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Yerkes-Dodson: Theory of Stress

Yerkes-Dodson states that some stress is necessary to create high work performance. What are the implications of this? What are the problems with it?

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Q: Yerkes-Dodson states that some stress is necessary to create high work performance. What are the implications of this? What are the problems with it?

First, let's look a little closer at the Yerkes-Dodson Law below:

Yerkes-Dodson law - Arousal Arousal

Arousal is a major aspect of many learning theories and is closely related to other concepts such as anxiety, attention, agitation, stress, and motivation. The arousal level can be thought of as how much capacity you have available to work with. One finding with respect to arousal is the Yerkes-Dodson law (first observed by Robert M. Yerkes and John D. Dodson, The Relation of Strength of Stimulus to Rapidity of Habit-Formation (1908) Journal of Comparative Neurology and Psychology, 18, 459-482). It predicts an inverted U-shaped function between arousal and performance. A certain amount of arousal can be a motivator toward change (with change in this discussion being learning). Too much or ...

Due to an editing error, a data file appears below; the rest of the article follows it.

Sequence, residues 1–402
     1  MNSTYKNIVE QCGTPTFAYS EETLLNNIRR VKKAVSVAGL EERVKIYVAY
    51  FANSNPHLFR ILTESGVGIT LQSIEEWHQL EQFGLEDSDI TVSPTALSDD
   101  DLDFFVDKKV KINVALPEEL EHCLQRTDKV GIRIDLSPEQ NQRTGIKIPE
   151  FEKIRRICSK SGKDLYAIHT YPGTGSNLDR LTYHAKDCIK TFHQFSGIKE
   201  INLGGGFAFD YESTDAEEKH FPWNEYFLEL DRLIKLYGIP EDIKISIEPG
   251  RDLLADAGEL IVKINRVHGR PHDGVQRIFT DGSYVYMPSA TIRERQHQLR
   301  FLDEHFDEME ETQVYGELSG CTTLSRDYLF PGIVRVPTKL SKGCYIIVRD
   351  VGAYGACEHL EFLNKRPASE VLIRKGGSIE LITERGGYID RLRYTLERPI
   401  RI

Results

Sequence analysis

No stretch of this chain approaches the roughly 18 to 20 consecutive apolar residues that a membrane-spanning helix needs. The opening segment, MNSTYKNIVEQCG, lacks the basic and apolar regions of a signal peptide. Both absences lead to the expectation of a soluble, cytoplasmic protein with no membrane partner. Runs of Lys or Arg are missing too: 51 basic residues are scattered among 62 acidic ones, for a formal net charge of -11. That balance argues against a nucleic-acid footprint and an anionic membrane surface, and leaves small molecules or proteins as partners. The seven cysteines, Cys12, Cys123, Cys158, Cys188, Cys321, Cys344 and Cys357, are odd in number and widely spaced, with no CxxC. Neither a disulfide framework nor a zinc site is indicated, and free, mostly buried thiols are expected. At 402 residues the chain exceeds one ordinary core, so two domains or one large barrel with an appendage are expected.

Solution Summary

This solution explains the implications and limitations of the theory posited by Yerkes-Dodson, which states that some stress is necessary to create high work performance. Supplemented with one highly relevant article.

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